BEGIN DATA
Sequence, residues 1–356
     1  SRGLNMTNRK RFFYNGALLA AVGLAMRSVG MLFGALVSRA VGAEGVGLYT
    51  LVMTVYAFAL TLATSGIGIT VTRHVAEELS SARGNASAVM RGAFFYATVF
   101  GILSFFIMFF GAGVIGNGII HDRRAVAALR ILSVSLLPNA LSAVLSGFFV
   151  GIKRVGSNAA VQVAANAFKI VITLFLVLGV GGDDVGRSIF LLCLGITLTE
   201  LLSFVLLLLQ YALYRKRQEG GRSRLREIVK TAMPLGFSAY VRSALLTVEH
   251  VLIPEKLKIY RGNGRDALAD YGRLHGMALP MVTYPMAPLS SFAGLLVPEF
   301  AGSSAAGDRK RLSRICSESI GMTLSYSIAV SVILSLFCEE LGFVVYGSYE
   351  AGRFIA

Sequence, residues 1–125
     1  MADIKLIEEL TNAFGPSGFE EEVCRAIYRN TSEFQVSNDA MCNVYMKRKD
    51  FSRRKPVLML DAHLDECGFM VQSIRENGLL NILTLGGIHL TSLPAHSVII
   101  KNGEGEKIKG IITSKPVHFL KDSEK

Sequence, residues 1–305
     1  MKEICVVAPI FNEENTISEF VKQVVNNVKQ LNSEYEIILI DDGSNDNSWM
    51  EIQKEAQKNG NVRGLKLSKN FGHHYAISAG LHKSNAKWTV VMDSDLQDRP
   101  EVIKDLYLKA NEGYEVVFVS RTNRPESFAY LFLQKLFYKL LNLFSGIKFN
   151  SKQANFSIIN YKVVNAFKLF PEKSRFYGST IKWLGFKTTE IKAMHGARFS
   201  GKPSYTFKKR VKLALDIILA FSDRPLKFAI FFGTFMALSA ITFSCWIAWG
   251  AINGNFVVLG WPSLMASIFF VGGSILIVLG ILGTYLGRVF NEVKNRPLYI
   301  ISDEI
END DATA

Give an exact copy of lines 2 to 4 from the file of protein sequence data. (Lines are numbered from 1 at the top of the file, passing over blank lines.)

     1  SRGLNMTNRK RFFYNGALLA AVGLAMRSVG MLFGALVSRA VGAEGVGLYT
    51  LVMTVYAFAL TLATSGIGIT VTRHVAEELS SARGNASAVM RGAFFYATVF
   101  GILSFFIMFF GAGVIGNGII HDRRAVAALR ILSVSLLPNA LSAVLSGFFV